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A Project of The Annenberg Public Policy Center

Robocall Rules

Q: What are the rules on robo-calls?

A: Federal law requires that groups making automated calls identify themselves at the beginning of the call and provide a call-back number. The FEC says that a disclaimer must accompany public communication made by political committees or individuals. However, specific regulations for political robo-calls vary from state to state.


Can you clarify the legal rules on robo-calls? Does the robo-caller need to declare what type of political committee they are with? Do they have to say who paid for the call? I know they can lie all they want, but are there legal political campaigning rules that they have to follow?


Robo-calls are automated telephone calls made by a computerized dialing machine that delivers a prerecorded message. More commonly associated with telemarketing, these types of calls are also used in political campaigns. Sometimes they're used to simply remind people to go to the polls and vote; other times they're used to spread a particular message in favor of or against a political candidate. During election years, potential voters can be bombarded with robo-calls several times a day, and in many instances there isn't much they can do about it.

At the federal level, the Telephone Consumer Protection Act of 1991 has some basic rules that apply to all automated calls, but it is up to the states to decide how they will regulate automated calls of a political nature. According to the TCPA: "All artificial or prerecorded telephone messages (i) shall at the beginning of the message, state clearly the identity of the business, individuals, or other entity that is initiating the call, and (ii) shall, during or after the message, state clearly the telephone number or address of such business, other entity, or individual."

In addition, the Federal Election Commission, which doesn't specifically mention robo-calls in its regulations but does consider them a form of public communication, requires that a call made by a political committee or individual that "expressly advocates the election or defeat of a clearly identified candidate or solicits funds in connection with a federal election" include a disclaimer, which "identifies the person(s) who paid for the communication and, where applicable, the person(s) who authorized the communication."

Specific state laws regulating prerecorded calls vary. The nonpartisan, anti-robo-call group Citizens for Civil Discourse provided FactCheck.org with a memo on the existing laws affecting political prerecorded calls. It shows that three states ban the practice: Laws in Arkansas, Montana and Wyoming prohibit the use of automated telephone equipment to make calls in connection with political campaigns. Other states either allow political calls or allow them with certain stipulations. Some states allow them if consent is given by the person called, if the call is not conducting a poll, or if the recipient does not appear on a do-not-call list.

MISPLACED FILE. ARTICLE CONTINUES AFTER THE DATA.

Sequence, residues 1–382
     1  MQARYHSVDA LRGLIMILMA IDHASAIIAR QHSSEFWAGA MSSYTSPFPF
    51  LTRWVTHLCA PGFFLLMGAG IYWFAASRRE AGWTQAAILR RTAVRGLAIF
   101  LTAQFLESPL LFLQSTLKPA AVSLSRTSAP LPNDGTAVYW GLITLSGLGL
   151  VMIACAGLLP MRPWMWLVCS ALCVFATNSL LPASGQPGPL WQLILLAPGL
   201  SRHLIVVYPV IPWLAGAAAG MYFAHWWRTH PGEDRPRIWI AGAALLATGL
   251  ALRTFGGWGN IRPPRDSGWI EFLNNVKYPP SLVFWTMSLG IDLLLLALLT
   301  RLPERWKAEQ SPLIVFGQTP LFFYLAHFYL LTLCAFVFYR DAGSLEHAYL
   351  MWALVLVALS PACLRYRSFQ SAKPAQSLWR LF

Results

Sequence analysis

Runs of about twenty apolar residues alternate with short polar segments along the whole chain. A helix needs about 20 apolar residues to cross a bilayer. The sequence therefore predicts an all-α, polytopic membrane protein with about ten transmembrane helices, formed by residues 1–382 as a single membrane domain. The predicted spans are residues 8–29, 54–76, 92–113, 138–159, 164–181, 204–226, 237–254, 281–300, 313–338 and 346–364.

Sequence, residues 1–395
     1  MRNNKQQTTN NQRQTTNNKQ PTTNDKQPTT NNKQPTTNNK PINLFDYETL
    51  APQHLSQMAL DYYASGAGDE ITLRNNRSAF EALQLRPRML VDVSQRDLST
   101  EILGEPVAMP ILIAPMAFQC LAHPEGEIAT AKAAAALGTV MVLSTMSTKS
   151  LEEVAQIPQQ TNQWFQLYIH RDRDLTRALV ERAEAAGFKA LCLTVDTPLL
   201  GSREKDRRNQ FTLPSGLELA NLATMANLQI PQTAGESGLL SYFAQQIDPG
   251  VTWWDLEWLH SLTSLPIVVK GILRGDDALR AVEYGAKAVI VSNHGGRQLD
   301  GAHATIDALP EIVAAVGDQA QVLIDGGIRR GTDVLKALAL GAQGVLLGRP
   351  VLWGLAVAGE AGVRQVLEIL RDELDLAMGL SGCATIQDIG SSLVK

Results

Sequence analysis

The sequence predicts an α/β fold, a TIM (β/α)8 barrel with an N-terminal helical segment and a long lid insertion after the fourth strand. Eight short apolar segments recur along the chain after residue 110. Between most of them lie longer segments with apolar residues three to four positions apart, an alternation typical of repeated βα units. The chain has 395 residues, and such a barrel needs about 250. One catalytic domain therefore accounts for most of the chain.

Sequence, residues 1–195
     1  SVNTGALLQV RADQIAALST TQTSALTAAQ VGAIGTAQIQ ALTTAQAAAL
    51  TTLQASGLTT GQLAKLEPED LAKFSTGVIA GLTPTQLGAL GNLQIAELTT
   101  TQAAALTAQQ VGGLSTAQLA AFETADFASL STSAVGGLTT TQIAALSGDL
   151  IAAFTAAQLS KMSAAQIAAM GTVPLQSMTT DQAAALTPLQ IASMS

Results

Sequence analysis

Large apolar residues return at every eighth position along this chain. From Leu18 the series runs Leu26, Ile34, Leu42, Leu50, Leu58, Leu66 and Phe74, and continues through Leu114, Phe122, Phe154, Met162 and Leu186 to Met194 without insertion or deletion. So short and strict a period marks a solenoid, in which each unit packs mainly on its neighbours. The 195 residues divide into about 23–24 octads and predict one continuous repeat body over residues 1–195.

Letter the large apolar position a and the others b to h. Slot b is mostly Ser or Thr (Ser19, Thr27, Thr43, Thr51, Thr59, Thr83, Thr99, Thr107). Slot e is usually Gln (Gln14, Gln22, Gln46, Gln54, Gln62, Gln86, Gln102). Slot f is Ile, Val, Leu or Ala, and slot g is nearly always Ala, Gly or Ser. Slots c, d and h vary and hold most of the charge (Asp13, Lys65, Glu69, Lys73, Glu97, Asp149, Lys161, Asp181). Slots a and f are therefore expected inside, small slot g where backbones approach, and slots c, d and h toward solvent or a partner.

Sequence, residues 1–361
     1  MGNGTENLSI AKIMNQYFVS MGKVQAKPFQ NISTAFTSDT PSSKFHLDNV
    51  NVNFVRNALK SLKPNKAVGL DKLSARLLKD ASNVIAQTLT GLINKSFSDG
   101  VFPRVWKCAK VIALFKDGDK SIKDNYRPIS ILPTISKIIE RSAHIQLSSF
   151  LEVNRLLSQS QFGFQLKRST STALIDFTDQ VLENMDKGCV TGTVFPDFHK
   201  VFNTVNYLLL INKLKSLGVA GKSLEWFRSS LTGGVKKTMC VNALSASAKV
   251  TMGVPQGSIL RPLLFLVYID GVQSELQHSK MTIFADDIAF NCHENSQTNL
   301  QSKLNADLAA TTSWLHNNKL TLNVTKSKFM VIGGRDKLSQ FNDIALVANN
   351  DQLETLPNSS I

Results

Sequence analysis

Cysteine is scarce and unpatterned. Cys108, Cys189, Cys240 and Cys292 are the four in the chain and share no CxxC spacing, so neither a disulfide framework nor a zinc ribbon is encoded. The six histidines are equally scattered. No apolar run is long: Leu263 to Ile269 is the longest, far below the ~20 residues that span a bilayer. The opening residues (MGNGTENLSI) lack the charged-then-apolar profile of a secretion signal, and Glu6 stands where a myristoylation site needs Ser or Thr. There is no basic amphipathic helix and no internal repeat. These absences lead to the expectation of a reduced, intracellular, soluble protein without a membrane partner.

Recently, the Nebraska government passed a law that requires automated calls be made between 8 a.m and 9 p.m. and begin with the name of the person paying for the call, as well as provide a phone number other than that of the machine making the call. Those regulations will take effect in 2009. Several states have bills pending that would allow people to add their names to a do-not-call list to block the calls.

But do-not-call lists are not foolproof. For those looking to avoid political calls altogether, a caller identification or voice messaging system may be the best option. As the Federal Trade Commission explains, placing your number on the National Do Not Call Registry won't necessarily put an end to such calls. In effect since Oct. 1, 2003, the Do-Not-Call Registry exempts customers from receiving calls from telemarketers. However, limitations in jurisdiction prevent the FTC and the Federal Communications Commission from restricting calls from political organizations, as well as charities and telephone surveyors.

Attempts at regulations on robo-calls at the federal and state level are controversial and have been labeled by some, citing the First Amendment's protection of free speech, as unconstitutional. But most state regulations pertaining to the political calls don't restrict the content, instead they outline what time of day the calls can be made and require that those receiving them give consent. Earlier this year, the Robocall Privacy Act of 2008, a bipartisan effort, was introduced in the U.S. Congress. If enacted into law, the act would stipulate that calls can only be made twice a day to the same number, between the hours of 8 a.m. and 9 p.m., and it would require the disclosure of the party responsible for the call, their phone number and the fact that the call is prerecorded. The bill would allow the FEC to impose civil fines against violators and would allow individuals to sue to stop the calls.

– D'Angelo Gore


Telephone Consumer Protection Act 47 U.S.C. § 227.

S.2624: Robocall Privacy Act of 2000. Introduced 12 Feb. 2008.

Federal Election Commission. Special Notices on Political Ads and Solicitations. Oct. 2006, accessed 22 May 2008.

"Restrictions on automated calls approved." Associated Press, JournalStar.com, 17 April 2008.

Darner, Michael. "In Defense of the right to robocall." Politico.com, 31 March 2008.